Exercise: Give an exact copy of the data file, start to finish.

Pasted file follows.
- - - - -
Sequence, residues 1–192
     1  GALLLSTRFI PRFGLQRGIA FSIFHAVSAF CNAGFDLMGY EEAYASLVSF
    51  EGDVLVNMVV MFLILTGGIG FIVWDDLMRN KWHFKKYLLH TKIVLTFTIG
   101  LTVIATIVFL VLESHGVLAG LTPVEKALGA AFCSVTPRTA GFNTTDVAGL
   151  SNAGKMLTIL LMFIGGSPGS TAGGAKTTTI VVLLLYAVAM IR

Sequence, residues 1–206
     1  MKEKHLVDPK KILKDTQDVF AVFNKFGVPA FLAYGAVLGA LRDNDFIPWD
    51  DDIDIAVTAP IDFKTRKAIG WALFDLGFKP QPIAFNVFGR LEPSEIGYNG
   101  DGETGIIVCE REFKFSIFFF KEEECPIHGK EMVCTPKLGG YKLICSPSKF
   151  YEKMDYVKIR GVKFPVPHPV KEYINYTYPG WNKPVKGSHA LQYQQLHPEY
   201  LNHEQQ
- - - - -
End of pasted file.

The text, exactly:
Sequence, residues 1–192
     1  GALLLSTRFI PRFGLQRGIA FSIFHAVSAF CNAGFDLMGY EEAYASLVSF
    51  EGDVLVNMVV MFLILTGGIG FIVWDDLMRN KWHFKKYLLH TKIVLTFTIG
   101  LTVIATIVFL VLESHGVLAG LTPVEKALGA AFCSVTPRTA GFNTTDVAGL
   151  SNAGKMLTIL LMFIGGSPGS TAGGAKTTTI VVLLLYAVAM IR

Sequence, residues 1–206
     1  MKEKHLVDPK KILKDTQDVF AVFNKFGVPA FLAYGAVLGA LRDNDFIPWD
    51  DDIDIAVTAP IDFKTRKAIG WALFDLGFKP QPIAFNVFGR LEPSEIGYNG
   101  DGETGIIVCE REFKFSIFFF KEEECPIHGK EMVCTPKLGG YKLICSPSKF
   151  YEKMDYVKIR GVKFPVPHPV KEYINYTYPG WNKPVKGSHA LQYQQLHPEY
   201  LNHEQQ